First published as White Savage
Taken as a child by the Apache, Jimmy had lived too long with the Indians to ever learn to be white again. So, claimed the Hoody clan. Beaten and imprisoned as a child by them, is it any surprise when Jimmy returns, they swear he’s back for revenge and brand him the murderer and thief the marshal tracks? Or is the man’s name Clay, as he claimed, before they beat him, before he escaped from them and took a woman hostage. Was he guilty or innocent, unfortunate in crossing paths with the man the marshal followed, proving there’s a sleeping savage in all of us if pushed too far? Was the woman his prisoner, or did she have secrets of her own to hide, involving her missing husband?
His hands started shaking. He’d always told hisself it never mattered much to him what color a man was. If ya respected and admired him, ya just did. Right then it mattered. Damn the red devils. It wasn’t a small Indian man they’d taken down. He was just a boy, a blue-eyed, beat up white boy.
Them blue eyes was what shocked McGee so. The facts that he was still conscious and so young came after. He was a white boy, so dirty ya couldn’t tell his color ‘til ya got up next to him. What the Apache was doing with him or why they was doing him that way was questions McGee’s mind was too numb to seek an answer fer. All he could think of was helping him.
He didn’t want his hands shaking ‘cause it hurt the boy more. His gun dropped in the dirt as he fumbled to draw his knife out. “Just ya don’t worry now. Just ya don’t worry,” he said, his voice shaking as bad as his hands.
The boy couldn’t hear him. His eyes was fixed and glazed, staring without seeing as McGee cut his arms free. He turned the boy to his side and his face down, away from the side of the smashed jaw, so the blood would run out of his mouth and not choke him no more.
McGee patted his head, telling him over and over that everything was all right, knowing how ignorant it sounded. How could it be all right with his tongue near cut off and a knife in his chest? He just couldn’t think of what else to say, just plain couldn’t think past talking to the boy, letting him know it was a white man talking to him. He didn’t start thinking ‘til the lieutenant and the rest of the troop got there, and then he got mad.
“Lieutenant, I need the doc bad,” he hollered out, jumping to his feet. “What happened here?” Lieutenant Dermont demanded.
“Three of them had him down. I got one.”
“You’ve jeopardized this entire campaign to shoot one Indian?”
McGee didn’t much care fer what he was hearing. “He needs a doc bad.”
“Private Johns,” the lieutenant called.
McGee didn’t need to look to see who was gonna come out of that column. Nor did he need to work hard at guessing what the lieutenant was gonna order Johns to do. McGee dropped to his knee, picking up his gun, even as the lieutenant said it.
“Kill the animal,” Dermont ordered coldly.
That lieutenant watched Johns as he said it, and McGee figured it was to see how Johns was gonna take to that order. He’d seen it afore, same as every man there. Lieutenant Dermont had it in fer Johns. Once he took command, he busted him from sergeant to the lowest he could go and still he hadn’t broke through Johns’ coldness to see anger. He’d given him every dirty job that came along and never got under Johns’ stoic manner.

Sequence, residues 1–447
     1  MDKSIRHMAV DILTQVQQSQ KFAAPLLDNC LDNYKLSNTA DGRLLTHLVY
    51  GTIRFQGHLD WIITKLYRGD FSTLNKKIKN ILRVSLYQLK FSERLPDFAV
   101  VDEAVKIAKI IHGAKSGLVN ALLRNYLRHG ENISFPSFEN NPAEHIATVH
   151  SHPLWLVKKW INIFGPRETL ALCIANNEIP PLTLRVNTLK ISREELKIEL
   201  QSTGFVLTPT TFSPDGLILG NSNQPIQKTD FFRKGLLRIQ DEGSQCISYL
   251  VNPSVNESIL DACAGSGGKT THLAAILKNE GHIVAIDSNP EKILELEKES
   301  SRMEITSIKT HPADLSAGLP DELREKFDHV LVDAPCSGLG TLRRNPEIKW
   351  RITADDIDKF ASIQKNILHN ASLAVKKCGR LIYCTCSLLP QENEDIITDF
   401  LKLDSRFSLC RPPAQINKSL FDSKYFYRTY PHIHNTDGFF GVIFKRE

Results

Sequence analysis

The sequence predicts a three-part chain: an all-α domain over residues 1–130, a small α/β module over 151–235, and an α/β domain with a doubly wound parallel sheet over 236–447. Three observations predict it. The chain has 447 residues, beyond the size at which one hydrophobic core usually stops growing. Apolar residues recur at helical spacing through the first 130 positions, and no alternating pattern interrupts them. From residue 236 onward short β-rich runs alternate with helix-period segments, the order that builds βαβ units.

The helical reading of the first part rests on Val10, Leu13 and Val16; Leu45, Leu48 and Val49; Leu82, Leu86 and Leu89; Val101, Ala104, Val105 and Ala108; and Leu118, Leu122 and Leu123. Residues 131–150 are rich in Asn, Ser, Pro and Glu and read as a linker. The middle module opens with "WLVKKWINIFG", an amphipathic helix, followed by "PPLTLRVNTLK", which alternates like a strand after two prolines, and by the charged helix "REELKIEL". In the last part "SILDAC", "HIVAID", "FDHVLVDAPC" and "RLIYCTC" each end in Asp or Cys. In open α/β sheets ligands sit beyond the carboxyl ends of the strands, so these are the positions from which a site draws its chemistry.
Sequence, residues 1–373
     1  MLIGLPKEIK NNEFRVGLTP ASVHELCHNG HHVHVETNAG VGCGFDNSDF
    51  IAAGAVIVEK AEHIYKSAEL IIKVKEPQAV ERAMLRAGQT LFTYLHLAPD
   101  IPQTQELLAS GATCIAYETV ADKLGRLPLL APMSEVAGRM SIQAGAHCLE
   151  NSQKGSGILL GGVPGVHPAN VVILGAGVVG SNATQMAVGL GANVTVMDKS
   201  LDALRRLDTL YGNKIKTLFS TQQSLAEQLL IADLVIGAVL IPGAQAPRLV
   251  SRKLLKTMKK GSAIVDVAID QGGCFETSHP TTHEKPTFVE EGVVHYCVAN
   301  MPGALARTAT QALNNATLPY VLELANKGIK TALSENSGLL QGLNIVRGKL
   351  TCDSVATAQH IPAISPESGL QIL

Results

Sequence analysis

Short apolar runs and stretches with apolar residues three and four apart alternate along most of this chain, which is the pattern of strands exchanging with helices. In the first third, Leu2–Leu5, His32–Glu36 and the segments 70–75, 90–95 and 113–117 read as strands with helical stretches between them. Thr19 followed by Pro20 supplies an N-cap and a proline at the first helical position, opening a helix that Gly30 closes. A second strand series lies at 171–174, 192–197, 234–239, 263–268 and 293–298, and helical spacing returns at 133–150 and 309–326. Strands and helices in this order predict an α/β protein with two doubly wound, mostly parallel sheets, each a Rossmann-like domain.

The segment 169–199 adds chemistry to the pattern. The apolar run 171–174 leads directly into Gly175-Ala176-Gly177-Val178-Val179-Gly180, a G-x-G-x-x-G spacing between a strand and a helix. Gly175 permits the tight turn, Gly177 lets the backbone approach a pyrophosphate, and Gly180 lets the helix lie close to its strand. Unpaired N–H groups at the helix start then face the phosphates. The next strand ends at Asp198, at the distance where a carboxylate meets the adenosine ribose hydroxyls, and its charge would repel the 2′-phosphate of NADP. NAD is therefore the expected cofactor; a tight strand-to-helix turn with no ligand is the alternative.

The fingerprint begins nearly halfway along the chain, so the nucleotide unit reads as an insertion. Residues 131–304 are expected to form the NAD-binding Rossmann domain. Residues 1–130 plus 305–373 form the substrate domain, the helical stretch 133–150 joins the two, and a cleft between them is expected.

McGee, as well as the smart ones in the troop to judge by the way they stiffened, could see it was different this time by the look in Johns’ eyes. They could all see, too, that as he dismounted, dropping his horse’s reins on the saddle seat, his hand rested on his side arm. Dark as night, hair and eyes, was that Johns, skin the color of leather from living out in that desert sun. Right then, he had the look of a tall and lean devil in them dark brown eyes when he looked, not at the boy, but at the stiff-necked lieutenant.
No one else moved or spoke up to stop him. McGee did. “Ya make him obey that order, Lieutenant,” McGee told him, “and I’ll shoot ya before he can.”
The dog stretched, his nails scratching on the bare wood floor as he wiggled to a more comfortable position. Clay watched him squirm, thinking it was funny how a dog would choose to lay on the hard wood when there were so many rugs scattered around. One was behind him to the right, in front of the door, one to the left, behind him, in front of the cook stove. Rugs scattered all around him, but the dog had stretched out right in the middle where there was no rug.
Right in the middle stuck in his mind, and Clay studied the room again. He couldn’t reach the pantry or front door without walking by the dog, and if he walked to the bedroom, he’d have to walk in front of him.
“Thought you wanted me to talk to you,” he said to break the silence.
She startled, jabbing herself with the needle. “You didn’t seem so inclined,” she said, trying to hide the fact that her finger was bleeding.
“I changed my mind. That dog got a name?”
“No,” she said quickly, and then changed it. “Yes. I call him Wolf for obvious reasons. I’m going to bed now.” Her basket thumped to the floor beside her chair as she set it down and stood. “There are blankets and a pillow in the chest to make a pallet.”
She pointed to a chest situated conveniently against the wall farthest from the dog.
“More than one way to kill a dog,” he said, walking over to the chest. “Safest way is to shoot him, if he’s far enough away.” He sat down on the chest, looking at her. “Unless he’s running at you. Hard to hit then. Best thing to do is let him jump you, so you can break his neck or his jaw.”
“You couldn’t,” she said in a strained whisper.